Posted in HS4CC

Dysgraphia & Dyslexia Hasn’t Stopped Lucas

Dyslexia and dysgraphia are both learning disorders that don’t reflect intelligence, but do present challenges for regular academic activities like reading and writing. I’m thrilled to share how Liz helped her 13-year old son crush 5 CLEP exams despite his challenges.

Lucas had never been a strong student in academics. He struggled to learn to read, and even at age 13 he remains a very slow reader. He despised writing and even if you could read the handwriting, likely it wasn’t spelled correctly!

Lucas has dyslexia and dysgraphia. So, even as his older sister was racking up college credits through a variety of sources, we did not anticipate this being the path for our son.

I was preparing to work with a group of high school students to prepare for the Introductory Psychology CLEP exam. Lucas was only entering his 8th grade year, but expressed an interest in joining in the high school class and I figured, what do we have to lose?

To accommodate his learning, I read the material out loud to him and we watched videos and had review sessions with the other kids. It quickly became apparent that he knew his stuff!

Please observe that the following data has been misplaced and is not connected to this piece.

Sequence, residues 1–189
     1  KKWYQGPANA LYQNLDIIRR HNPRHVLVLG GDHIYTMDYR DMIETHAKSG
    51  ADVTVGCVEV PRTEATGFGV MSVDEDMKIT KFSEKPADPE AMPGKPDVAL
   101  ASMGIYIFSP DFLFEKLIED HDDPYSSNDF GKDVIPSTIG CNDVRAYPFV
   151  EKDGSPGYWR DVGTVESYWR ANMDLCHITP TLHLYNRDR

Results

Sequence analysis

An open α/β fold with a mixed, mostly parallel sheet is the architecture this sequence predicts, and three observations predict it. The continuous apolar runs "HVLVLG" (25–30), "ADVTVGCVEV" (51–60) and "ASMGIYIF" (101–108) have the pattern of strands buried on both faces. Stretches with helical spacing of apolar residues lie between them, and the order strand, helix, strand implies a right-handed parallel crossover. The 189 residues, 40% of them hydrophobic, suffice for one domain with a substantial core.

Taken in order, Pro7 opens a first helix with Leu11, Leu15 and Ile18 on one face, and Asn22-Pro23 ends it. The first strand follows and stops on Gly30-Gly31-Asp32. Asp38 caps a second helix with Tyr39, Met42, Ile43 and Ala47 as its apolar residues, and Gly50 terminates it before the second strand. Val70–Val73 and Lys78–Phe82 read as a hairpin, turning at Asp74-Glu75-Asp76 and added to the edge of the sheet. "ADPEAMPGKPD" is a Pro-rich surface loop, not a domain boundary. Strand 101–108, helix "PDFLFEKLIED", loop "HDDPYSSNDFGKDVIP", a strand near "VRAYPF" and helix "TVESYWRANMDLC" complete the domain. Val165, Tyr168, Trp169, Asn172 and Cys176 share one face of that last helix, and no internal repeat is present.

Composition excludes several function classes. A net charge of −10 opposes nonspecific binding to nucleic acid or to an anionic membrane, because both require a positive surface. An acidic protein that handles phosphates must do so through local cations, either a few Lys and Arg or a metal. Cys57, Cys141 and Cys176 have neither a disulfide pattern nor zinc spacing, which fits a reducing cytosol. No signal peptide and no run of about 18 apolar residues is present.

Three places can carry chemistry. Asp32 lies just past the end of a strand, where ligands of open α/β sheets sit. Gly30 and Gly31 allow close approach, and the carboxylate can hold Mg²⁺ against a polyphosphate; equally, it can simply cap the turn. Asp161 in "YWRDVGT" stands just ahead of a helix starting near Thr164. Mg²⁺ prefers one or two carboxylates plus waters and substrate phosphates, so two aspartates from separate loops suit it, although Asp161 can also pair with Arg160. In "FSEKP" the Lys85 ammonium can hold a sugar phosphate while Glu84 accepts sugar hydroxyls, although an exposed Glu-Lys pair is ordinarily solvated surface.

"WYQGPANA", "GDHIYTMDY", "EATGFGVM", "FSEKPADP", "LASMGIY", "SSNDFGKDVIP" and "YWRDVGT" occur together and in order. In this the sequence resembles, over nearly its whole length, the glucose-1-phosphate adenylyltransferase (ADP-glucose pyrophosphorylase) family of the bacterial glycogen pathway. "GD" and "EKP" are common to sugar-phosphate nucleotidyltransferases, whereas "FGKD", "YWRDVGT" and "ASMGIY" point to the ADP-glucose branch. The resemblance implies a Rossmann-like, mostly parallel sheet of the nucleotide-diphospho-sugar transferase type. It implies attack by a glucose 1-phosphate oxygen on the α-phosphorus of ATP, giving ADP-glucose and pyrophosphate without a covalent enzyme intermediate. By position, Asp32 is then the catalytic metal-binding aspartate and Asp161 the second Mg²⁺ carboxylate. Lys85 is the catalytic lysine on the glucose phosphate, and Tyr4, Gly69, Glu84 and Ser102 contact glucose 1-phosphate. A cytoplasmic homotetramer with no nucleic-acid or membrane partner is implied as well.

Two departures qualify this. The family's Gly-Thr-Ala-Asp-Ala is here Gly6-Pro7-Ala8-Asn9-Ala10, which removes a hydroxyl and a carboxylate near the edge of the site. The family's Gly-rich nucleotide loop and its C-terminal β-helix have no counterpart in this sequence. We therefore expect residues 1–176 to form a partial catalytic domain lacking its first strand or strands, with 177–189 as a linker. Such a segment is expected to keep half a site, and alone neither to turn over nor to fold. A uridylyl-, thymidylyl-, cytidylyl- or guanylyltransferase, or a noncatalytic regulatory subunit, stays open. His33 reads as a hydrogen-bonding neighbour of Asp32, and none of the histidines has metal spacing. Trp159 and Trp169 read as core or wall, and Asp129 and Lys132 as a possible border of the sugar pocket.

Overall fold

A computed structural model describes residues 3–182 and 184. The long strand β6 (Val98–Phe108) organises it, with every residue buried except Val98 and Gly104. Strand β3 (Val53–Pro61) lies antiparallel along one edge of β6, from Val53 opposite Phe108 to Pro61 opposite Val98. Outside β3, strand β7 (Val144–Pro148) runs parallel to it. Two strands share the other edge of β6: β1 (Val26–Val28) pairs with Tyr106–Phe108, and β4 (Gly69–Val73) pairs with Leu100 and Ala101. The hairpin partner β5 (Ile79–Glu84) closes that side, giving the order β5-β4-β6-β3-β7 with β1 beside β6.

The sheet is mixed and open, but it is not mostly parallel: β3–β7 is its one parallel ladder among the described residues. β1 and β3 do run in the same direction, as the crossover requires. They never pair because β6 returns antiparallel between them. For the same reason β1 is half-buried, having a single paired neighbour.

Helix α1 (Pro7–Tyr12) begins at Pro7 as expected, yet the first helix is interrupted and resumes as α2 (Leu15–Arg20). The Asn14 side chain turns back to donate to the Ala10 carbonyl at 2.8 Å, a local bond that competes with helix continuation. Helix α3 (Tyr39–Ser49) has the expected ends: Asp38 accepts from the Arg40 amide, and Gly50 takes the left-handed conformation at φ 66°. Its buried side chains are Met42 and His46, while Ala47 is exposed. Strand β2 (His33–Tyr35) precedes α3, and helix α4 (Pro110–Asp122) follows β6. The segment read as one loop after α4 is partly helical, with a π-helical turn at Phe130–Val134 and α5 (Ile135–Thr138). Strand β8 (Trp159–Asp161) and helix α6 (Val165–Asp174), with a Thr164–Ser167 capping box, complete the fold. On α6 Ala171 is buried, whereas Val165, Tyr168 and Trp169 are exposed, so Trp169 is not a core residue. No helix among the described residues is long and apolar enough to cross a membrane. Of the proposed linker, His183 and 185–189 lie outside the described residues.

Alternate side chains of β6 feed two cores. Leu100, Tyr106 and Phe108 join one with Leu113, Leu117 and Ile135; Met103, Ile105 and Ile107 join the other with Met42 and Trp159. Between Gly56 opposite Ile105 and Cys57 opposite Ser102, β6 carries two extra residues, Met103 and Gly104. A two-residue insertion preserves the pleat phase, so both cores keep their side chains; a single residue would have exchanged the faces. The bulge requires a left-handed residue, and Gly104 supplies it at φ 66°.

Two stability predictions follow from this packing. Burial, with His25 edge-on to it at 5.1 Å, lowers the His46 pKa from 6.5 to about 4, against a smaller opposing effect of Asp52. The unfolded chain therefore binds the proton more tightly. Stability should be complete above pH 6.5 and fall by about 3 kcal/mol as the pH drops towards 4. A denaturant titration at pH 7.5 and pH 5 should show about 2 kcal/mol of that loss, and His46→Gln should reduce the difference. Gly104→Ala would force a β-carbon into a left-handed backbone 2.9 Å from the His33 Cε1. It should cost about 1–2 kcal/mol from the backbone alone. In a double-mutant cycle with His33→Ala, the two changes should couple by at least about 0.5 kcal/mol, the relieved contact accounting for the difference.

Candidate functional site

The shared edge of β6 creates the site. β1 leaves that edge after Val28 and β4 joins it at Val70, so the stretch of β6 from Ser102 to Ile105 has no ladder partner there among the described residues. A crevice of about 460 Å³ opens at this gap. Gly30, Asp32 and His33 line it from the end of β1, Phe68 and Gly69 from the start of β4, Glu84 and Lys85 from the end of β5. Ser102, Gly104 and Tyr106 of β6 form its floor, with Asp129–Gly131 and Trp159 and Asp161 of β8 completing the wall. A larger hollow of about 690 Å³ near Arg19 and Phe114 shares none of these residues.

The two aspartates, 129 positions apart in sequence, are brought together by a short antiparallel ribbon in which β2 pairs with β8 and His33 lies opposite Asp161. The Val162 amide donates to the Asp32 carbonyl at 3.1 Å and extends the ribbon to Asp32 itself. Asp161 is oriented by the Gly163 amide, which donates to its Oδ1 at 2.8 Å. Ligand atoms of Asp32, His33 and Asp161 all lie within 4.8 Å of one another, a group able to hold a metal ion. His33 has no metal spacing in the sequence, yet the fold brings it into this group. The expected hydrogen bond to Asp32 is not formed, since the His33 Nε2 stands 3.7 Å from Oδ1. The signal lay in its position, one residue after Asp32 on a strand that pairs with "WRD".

He passed the Introductory Psychology CLEP!

Through the year he studied for and passed:

  • Introductory Psychology CLEP, 3 credits
  • Introduction to Educational Psychology CLEP, 3 credits
  • Introductory Sociology CLEP, 3 credits
  • American Government CLEP, 3 credits
  • History of the United States 1 CLEP, 3 credits

Lucas began his freshman year of high school (this year) with 15 credits already in the bank from passing CLEP exams! He intends to take 4 more CLEP exams this year as a high school freshman.

In spite of his slow reading, he has been able to complete all 5 of these exams in the 90 minutes and he loves the fact that they are multiple choice and he does not have to write or spell!

Visit The College Board’s website to learn about test accommodations and how to request them.


Executive Director of Homeschooling for College Credit